For 28 years, Lori Brady has witnessed Alabama’s Business Enterprise Program (BEP) grow to assist 100 blind vendors/small business owners with total gross sales of more than $25 million.
As Brady settles into her new role as BEP director, she says she sees potential for much more.
“What sets BEP apart from other programs,” she said, “is that we train and license our vendors to become independent small business owners and give them the opportunity to be their own boss. That’s part of the reason why I think BEP is the best program ADRS offers.”
Alabama’s BEP representatives canvas the state scouting locations for vendors and provide equipment, maintenance, and assistance for vendors. Brady said that vendors currently operate 1,000 vending machines along 64 vending routes and operate five federal dining contracts statewide.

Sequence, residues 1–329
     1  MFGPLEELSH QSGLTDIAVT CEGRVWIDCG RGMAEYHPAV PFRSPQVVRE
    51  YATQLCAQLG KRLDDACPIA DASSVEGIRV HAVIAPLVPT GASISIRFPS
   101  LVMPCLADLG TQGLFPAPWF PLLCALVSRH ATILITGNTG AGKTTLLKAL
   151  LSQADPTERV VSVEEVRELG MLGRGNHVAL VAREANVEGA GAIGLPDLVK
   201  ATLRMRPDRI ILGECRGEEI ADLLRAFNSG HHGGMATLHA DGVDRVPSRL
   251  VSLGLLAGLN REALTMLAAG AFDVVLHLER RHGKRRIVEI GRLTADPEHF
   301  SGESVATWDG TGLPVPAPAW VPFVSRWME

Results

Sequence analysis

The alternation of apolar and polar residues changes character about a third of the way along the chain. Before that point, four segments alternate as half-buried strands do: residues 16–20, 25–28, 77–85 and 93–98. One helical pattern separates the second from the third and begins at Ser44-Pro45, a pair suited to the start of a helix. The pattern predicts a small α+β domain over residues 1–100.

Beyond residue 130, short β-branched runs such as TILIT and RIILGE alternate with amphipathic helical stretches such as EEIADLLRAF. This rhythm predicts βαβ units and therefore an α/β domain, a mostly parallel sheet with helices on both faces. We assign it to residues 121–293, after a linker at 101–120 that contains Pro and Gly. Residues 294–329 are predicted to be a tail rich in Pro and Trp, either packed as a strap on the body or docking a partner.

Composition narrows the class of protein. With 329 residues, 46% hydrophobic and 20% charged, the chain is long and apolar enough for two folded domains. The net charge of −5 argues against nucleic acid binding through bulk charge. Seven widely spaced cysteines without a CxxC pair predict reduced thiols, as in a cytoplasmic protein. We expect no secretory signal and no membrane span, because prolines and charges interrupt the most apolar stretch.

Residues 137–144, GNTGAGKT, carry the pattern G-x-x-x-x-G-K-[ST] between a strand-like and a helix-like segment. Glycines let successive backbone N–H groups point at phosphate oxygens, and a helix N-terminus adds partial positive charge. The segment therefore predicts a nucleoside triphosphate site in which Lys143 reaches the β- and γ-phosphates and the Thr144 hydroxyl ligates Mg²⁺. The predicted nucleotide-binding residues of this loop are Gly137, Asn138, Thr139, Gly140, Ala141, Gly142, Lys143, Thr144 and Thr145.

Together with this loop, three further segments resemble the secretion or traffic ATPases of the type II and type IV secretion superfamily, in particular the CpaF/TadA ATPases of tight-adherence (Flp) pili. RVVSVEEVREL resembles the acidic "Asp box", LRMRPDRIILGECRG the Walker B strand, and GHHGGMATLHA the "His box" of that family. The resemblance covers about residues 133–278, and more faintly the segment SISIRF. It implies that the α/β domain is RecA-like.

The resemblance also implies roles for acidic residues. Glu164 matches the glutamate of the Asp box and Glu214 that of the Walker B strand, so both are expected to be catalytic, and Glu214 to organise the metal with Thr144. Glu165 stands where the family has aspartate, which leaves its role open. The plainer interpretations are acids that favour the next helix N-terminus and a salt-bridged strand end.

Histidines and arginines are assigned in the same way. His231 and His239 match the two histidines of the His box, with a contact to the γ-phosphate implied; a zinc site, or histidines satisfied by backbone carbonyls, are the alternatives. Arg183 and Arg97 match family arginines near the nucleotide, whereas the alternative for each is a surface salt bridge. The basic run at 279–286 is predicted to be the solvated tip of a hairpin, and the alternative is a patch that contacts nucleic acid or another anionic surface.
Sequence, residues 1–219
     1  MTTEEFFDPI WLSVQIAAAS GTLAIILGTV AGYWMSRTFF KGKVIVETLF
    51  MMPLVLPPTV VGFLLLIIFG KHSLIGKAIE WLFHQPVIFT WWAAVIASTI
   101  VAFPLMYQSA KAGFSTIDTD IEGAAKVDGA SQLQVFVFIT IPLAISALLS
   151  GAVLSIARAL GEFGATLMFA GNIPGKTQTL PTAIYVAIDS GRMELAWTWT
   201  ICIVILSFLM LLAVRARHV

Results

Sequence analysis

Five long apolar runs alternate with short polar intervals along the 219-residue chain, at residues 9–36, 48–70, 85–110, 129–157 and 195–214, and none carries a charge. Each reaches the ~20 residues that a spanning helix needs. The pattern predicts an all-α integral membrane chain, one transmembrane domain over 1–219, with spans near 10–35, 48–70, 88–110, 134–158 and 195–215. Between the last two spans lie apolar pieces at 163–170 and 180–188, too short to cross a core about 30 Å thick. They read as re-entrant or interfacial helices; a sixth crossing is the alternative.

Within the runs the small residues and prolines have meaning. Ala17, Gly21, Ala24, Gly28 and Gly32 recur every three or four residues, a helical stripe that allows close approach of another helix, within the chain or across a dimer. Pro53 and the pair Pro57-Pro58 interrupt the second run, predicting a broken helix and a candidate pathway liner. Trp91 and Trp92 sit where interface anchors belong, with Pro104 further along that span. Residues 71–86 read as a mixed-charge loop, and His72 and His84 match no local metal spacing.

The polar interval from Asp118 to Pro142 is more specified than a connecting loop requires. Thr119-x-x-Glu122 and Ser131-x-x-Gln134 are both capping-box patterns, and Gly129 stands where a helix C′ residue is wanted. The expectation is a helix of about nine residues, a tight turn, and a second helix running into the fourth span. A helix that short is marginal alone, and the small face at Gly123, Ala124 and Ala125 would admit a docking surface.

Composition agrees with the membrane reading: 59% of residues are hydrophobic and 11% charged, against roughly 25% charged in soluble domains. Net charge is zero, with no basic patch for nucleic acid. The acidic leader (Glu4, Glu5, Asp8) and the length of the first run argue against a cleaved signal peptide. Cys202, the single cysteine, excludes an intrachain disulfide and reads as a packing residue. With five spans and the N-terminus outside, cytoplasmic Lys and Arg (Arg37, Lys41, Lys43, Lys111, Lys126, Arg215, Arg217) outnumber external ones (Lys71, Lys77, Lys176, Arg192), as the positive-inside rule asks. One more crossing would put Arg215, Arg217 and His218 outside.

“BEP really stands out nationally, and we believe in supporting that program,” said Assistant Commissioner VR Blind/Deaf Curtis Glisson. “Our vendors average an income north of $35,000, and many earn much more than that. For a department that emphasizes customer service, the BEP program exemplifies that in every respect.”
As director, Brady will oversee the BEP budget, the training of new recruits, and the development of BEP’s rules and regulations for vendors. For Brady, the new position also comes a new vision for a program so dear to her heart.
“We have a lot of our businesses in state and federal locations, and we need to look at going more into the private sector,” said Brady. “Moving forward, we also need to market BEP a bit better than we have in the past and secure more locations for our vendors. Still, the recipe for success is here and is built upon our strong partnership with Alabama Institute for the Deaf and Blind and our strong relationship with the Elected Committee of Blind Vendors.”